Automated Differential Digestion Analysis Utilizing DNase I
Advancing Justice for Survivors of Sexual Violence
Separating sperm cells via differential digestion from sample swabs is a time-consuming effort. With the ever-increasing amounts of backlog from sexual assault evidence collection kits (SAECK), the need for automated differential digestion analysis has become a necessity, not a wish list item. Even with the addition of commercially available extraction instruments, sample processing capabilities still remain at a low threshold, Aurora Biomed used the VERSA 1100 to look at other methods which aimed to minimize the three following pain points:
- Elongated wash steps.
- Multiple time-consuming centrifugation steps.
- Low sample processing capabilities.
How Is This Achieved?
Automated differential digestion analysis of sperm cells utilizing DNase I workflow has been optimized to dramatically reduce and even eliminate these aspects. This, in turn, has allowed sample processing to rise exponentially whilst reducing the overall time of sample processing:
5 hours from start to finish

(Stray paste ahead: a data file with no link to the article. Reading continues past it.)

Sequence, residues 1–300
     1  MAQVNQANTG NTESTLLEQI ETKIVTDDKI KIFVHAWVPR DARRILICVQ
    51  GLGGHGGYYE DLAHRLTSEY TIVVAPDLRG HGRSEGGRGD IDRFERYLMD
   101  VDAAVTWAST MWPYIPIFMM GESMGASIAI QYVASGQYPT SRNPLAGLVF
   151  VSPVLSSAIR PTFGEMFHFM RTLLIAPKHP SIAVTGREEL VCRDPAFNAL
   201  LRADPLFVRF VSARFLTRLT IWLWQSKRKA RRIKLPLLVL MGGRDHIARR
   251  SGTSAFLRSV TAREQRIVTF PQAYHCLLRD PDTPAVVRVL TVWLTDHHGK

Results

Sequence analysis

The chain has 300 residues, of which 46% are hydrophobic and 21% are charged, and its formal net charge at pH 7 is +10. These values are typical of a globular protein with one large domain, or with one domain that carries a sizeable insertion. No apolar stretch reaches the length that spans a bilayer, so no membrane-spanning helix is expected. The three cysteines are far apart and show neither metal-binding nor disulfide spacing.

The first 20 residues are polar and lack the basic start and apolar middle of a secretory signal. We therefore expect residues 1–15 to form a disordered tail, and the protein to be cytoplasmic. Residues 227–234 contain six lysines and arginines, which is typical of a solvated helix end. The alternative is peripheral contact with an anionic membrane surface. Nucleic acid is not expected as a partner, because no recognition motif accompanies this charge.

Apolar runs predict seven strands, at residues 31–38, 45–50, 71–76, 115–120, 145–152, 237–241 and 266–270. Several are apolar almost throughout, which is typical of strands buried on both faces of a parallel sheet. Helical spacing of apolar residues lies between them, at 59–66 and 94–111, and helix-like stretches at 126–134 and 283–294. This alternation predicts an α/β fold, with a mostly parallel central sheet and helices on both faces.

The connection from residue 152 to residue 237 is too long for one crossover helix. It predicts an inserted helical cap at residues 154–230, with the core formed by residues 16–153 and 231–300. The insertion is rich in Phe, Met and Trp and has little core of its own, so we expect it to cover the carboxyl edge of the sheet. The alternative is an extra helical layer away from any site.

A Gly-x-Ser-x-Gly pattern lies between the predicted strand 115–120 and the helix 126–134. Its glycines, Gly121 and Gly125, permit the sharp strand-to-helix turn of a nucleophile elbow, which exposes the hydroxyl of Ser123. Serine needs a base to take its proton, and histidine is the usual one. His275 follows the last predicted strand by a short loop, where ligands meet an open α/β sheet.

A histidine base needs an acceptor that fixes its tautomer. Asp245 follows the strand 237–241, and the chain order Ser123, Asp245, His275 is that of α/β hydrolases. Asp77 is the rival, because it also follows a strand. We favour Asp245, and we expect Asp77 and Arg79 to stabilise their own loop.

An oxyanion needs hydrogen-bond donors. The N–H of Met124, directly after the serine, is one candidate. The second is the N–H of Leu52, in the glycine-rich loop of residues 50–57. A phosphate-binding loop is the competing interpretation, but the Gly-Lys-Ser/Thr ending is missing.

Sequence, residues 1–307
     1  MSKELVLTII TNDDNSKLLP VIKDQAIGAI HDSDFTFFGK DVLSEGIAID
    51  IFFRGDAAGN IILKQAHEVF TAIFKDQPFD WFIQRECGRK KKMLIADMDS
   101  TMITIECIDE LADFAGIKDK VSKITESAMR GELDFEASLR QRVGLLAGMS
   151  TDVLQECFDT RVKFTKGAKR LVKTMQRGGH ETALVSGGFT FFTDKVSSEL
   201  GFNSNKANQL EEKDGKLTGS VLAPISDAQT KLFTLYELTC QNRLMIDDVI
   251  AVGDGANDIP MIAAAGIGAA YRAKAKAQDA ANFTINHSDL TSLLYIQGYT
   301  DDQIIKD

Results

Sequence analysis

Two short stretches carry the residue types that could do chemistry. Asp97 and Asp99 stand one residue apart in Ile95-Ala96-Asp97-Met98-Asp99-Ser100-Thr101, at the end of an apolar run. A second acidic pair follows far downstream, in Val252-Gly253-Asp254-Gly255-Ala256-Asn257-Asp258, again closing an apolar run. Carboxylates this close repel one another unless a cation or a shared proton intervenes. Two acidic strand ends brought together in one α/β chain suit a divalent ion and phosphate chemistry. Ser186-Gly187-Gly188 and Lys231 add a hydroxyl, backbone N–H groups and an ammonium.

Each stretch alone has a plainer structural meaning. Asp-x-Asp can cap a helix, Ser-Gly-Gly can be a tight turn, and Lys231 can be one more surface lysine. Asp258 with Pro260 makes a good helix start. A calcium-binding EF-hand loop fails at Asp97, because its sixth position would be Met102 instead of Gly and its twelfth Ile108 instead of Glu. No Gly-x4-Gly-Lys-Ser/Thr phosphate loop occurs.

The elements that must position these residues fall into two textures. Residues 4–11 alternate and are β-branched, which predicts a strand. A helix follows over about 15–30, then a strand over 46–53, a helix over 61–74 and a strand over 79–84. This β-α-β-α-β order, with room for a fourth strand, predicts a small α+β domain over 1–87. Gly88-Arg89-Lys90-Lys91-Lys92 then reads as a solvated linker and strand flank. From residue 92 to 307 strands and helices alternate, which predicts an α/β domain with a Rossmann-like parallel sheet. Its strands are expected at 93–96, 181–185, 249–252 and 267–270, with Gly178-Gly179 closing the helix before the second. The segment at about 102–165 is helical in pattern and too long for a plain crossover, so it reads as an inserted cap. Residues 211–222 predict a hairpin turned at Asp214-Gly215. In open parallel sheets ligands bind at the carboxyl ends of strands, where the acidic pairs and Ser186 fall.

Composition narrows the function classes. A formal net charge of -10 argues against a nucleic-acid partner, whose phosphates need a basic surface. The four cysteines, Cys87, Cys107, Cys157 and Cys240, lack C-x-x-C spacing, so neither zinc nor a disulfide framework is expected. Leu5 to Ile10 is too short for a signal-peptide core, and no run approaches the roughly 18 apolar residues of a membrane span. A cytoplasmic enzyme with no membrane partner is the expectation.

96 Samples per run
6x faster than conventional method
1 reallocated forensic scientist
At ISHI34, Krina Carman and Monica Dyer from Oakland Police Department discussed their experience in processing 25000 Sexual Assault Evidence Kit (SAEK) samples with the help of VERSA 1100 in past 10 years.
The Published Report
This method is currently employed by crime labs—Oakland PD has published a vigorous validation on the VERSA 1100. Follow the links below for more information and to view the latest publication from criminalist Helena Wong:
Switching workflows is never an easy task, especially when there have been so many resources pooled into an existing method, however, when you look at the different pieces of the overall process, automation of selective degradation is far from outlandish: